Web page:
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Not too late to board investment train

Growth-oriented assets in Asia, Europe, and emerging markets offer opportunities, say analysts.

"The fundamentals are fine. We like continental Europe and emerging Asia. We expect most stock markets to be better than most bond markets. Even in the US ... we still think it'll do OK." - Kevin Gardiner, global investment strategist at Rothschild Wealth Management

JUST half a year ago, global financial markets were going nowhere, fretting over the prospect of businessman Donald Trump becoming US president.

By the end of the first quarter in 2017, markets have surged significantly, riding on a wave of economic optimism across the developed and emerging world.

Is it too late to jump in? Not so, say analysts. Improved economic fundamentals will lead to higher profits at companies, they say.

Geopolitics over Syria and North Korea may cause volatility, they caution. Yet valuations across Europe and Asia are not expensive. In the US, high profitability and potential fiscal stimulus may make high valuations justified, they say.

"The fundamentals are fine," said Kevin Gardiner, global investment strategist at Rothschild Wealth Management. "We like continental Europe and emerging Asia. We expect most stock markets to be better than most bond markets. Even in the US ... we still think it'll do OK."

Valuations in the US, the biggest financial market in the world, are not at "crazy" levels yet, he added.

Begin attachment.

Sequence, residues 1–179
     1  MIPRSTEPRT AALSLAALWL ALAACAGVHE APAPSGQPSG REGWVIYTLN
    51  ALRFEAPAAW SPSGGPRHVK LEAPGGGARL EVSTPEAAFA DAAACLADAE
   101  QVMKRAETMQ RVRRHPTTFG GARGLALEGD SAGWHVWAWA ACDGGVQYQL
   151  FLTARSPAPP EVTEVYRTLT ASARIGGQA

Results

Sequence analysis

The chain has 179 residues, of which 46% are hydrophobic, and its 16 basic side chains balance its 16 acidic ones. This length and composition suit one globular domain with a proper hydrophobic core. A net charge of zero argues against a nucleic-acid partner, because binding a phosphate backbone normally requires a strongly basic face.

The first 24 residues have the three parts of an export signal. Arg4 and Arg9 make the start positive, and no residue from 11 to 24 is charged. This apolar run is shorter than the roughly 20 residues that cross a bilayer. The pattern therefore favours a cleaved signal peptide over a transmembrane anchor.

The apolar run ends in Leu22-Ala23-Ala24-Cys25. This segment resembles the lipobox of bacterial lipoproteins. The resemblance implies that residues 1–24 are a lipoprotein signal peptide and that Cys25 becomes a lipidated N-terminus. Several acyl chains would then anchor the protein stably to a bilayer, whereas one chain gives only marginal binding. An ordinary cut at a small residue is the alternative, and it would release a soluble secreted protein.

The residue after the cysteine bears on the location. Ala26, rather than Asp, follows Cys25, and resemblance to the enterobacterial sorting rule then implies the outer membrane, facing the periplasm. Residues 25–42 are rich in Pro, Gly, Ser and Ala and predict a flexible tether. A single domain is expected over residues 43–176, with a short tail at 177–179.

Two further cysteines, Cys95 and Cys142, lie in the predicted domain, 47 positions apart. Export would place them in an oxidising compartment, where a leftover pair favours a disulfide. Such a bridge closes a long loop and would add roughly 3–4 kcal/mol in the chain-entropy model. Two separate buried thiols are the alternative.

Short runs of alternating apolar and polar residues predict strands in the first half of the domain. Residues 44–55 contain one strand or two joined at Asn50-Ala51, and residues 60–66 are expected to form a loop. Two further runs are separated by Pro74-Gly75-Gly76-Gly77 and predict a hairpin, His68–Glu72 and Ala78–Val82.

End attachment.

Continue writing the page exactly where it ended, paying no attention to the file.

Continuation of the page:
"When we find people rationalising a forward multiple of 20 times on the S&P 500 rather than 18 times, then it'll be time for a rethink. But it doesn't feel that we'll be going there in a straight line anytime soon."

In the current quarter, markets could be cautious due to geopolitical risks, according to IG market strategist Pan Jingyi. "Significant upside may still depend on the new administration's plans to effect changes in the economy," she said.

Mark Schofield, managing director of Citi's global strategy and macro group, said in a report last week that the team anticipates gains of 5 per cent for global equities for the rest of the year.

The positive outlook is driven by a "reasonably optimistic economic forecast and a solid improvement in earnings in 2017", he said.

Mr Schofield said valuations look stretched, with global equities trading at 21 times trailing earnings, well above the long-term median of 17 times. There are also tensions in the Middle East and uncertainty around European elections.

But these concerns are mitigated by a positive economic outlook and low bond yields, which make stocks more attractive.

"Increased volatility and downwards corrections are likely. However we do not anticipate a major downturn in equity markets," he said.

Just three out of 18 of Citi's bear market scorecard indicators are flashing red, compared to 17 out of 18 before the 2000 correction and 13 out of 18 in 2007, he said.

At UBS Asset Management, Geoffrey Wong, head of global emerging markets (EM) and Asia Pacific equities, quoted a song by US pop duo The Carpenters by saying: "We've only just begun".

After five to seven years of a downturn, emerging markets might be at the beginning of a long economic cycle lasting another four to six years, he said. Mr Wong said EM equity valuations are considered cheap relative to the US, and asset classes like bonds where yields are still low.